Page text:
The Black Dog Institute estimates that one in five (20%) of Australians aged 16-85 experience a mental illness in any year. As Australians continue to work longer hours, and remain in the workforce longer, it is important for us all to be aware of our mental health, and the negative health consequences that workplace stress can have.
Many of the psychological impacts of work stress can take months or years to surface, and may lead to anxiety, Post-Traumatic Stress Disorder (PTSD) or depression. Employers have a duty in statute and at common law to take reasonable steps to prevent employees being injured during the course of their employment. This includes psychological injury.
The common law duty – what does my employer have to do?
Your employer is required to take reasonable steps to respond to risks to an employee’s safety. How this duty plays out will vary based on the specific workplace. It will generally include upholding a safe system of work, implementing effective dispute resolution mechanisms and having policies and procedures concerning employee conduct and safety. It is important to remember that the duty of care applies to risks of injury that are reasonably foreseeable; this means that a reasonable person would have understood that there was a risk of injury to employees.
Whether or not a risk of injury is reasonably foreseeable will depend on a number of factors, including:
- The role and position of the employee;
- Whether the injury was caused by reasonable management action, such as placing employees on a performance management plan or making an employee redundant; and
- How much the employer knew about the situation, such as if an incident report has been generated or a complaint lodged.
How are psychological injuries different?
The application of an employer’s duty of care to prevent psychological injury is more complex than with physical or more “visible” injuries. This is especially when we consider that the symptoms of these conditions may only manifest months after.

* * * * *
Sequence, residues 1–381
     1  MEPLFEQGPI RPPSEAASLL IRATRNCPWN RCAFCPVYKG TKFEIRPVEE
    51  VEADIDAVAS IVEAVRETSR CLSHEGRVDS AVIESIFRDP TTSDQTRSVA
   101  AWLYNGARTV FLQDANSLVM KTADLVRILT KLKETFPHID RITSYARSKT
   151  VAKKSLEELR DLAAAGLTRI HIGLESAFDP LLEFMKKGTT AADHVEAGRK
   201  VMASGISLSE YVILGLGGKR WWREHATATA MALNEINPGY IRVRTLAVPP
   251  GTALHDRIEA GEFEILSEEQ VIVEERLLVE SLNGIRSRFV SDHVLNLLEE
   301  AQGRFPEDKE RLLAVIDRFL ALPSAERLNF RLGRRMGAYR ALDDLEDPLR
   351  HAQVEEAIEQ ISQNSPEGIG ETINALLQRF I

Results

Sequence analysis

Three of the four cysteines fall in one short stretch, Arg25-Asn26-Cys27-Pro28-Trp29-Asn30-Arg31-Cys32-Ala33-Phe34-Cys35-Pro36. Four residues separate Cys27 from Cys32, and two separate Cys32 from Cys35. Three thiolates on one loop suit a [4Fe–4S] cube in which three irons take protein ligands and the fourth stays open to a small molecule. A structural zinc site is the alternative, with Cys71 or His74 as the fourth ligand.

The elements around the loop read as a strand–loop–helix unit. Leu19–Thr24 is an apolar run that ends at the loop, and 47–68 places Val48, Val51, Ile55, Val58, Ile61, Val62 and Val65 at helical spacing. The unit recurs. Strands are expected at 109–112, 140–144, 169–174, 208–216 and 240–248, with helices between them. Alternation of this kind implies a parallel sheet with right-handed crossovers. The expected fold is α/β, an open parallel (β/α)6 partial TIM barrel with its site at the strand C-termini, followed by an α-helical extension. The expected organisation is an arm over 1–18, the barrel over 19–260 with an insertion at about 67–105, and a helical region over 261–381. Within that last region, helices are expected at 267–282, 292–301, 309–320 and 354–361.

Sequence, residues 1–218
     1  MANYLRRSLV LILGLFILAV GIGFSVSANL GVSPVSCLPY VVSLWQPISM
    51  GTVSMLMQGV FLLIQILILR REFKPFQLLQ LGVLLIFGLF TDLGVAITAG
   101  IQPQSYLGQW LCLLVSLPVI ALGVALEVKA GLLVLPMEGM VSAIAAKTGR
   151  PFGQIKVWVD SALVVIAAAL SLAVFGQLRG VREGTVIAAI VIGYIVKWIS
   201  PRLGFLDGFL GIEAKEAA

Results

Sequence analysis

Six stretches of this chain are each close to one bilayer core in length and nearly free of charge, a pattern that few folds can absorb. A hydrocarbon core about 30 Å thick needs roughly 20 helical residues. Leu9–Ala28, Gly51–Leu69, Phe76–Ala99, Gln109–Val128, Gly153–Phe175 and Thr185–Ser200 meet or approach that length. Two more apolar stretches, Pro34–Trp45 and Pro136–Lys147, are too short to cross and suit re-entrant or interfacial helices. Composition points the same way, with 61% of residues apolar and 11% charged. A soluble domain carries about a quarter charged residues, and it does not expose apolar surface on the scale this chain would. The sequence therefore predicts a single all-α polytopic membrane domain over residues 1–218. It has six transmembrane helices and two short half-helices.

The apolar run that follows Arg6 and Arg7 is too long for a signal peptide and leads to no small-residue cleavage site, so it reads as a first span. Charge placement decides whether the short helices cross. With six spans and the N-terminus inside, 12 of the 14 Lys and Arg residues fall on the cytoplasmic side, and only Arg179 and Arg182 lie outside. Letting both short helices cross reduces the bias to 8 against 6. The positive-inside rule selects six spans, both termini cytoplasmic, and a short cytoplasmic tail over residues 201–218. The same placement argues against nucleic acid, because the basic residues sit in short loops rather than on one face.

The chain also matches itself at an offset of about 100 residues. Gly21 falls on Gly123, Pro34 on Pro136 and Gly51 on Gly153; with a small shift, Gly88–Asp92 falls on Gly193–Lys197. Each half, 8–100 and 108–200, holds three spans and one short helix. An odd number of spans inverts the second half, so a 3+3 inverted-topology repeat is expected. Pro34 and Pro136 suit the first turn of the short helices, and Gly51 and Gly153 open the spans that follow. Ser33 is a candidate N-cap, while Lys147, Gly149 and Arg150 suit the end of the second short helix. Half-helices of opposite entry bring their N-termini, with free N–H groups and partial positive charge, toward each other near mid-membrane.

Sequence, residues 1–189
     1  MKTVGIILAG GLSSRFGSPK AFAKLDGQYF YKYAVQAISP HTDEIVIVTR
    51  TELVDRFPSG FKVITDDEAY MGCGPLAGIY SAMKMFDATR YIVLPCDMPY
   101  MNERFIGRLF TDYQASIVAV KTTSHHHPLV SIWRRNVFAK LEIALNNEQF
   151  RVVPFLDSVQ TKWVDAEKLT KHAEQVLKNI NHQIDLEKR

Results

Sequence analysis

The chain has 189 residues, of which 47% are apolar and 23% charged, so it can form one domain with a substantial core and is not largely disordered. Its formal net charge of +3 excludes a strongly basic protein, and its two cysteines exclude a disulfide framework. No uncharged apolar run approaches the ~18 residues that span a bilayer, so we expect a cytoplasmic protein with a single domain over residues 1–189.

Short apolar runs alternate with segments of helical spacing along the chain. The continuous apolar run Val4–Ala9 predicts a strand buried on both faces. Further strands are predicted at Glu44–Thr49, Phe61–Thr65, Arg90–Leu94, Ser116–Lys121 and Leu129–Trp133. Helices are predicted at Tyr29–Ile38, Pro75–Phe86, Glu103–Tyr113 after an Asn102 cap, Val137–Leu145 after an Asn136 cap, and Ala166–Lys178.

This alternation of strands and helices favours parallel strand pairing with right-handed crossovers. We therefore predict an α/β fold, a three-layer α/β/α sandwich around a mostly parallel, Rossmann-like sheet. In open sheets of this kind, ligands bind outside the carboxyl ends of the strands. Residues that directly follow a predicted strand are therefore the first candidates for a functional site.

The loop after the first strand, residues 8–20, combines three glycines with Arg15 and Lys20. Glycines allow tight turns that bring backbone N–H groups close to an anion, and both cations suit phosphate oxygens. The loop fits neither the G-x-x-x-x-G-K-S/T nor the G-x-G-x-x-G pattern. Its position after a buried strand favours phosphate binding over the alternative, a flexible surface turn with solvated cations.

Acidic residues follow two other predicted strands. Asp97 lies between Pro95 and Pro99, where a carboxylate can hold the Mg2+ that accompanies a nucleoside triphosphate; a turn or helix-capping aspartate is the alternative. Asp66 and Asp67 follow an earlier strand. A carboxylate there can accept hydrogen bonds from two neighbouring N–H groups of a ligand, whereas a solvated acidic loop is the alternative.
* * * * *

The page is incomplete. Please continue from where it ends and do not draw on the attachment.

In Koehler v Cerebos, the High Court made it clear that an employee must give some indication that their mental health is being adversely affected by their employment, for their employer to be in breach of their duty. The case illustrates the importance of an open dialogue between employees and employers. Communication is key when there are difficulties in the workplace. There are protections available for employees who speak up about their mental health concerns, and who have adverse action taken against them.
Different people react to stress in different ways
There are many things in a person’s life that may trigger, or make them more susceptible to a psychological injury at work. These may include health issues, family struggles or money problems. This means that some employees may be more or less affected than a co-worker by issues in the workplace.
However, this does not displace an employer’s duty of care. If an employer breaches this duty, and an employee sustains an injury as a result, the employer will be liable for the full extent of the injury even if the person was more susceptible than the general population.
If you have suffered a psychological injury at work, you inform your employer, speak your Doctor about commencing a workers compensation claim and, if you cannot resolve the issue at work and need help either to stay or return to work or to exit contact us.
Every employee deserves to feel safe, respected and appreciated whilst at work. However, it is always important to take care of yourself and your own health. If you feel you need to talk, there are many counselling and support services that can help you. Speaking with someone can be the first step that equips you with the tools to make positive changes in your life for the better.
Beyond Blue (https://www.beyondblue.org.au/) has many useful resources for employees suffering from mental health issues, including this piece: https://www.beyondblue.org.au/personal-best/pillar/in-focus/anxiety-and-depression-don-t-pause-for-work
For other general advice and resources and mental health please visit: https://www.healthdirect.gov.au/mental-health-resources-for-me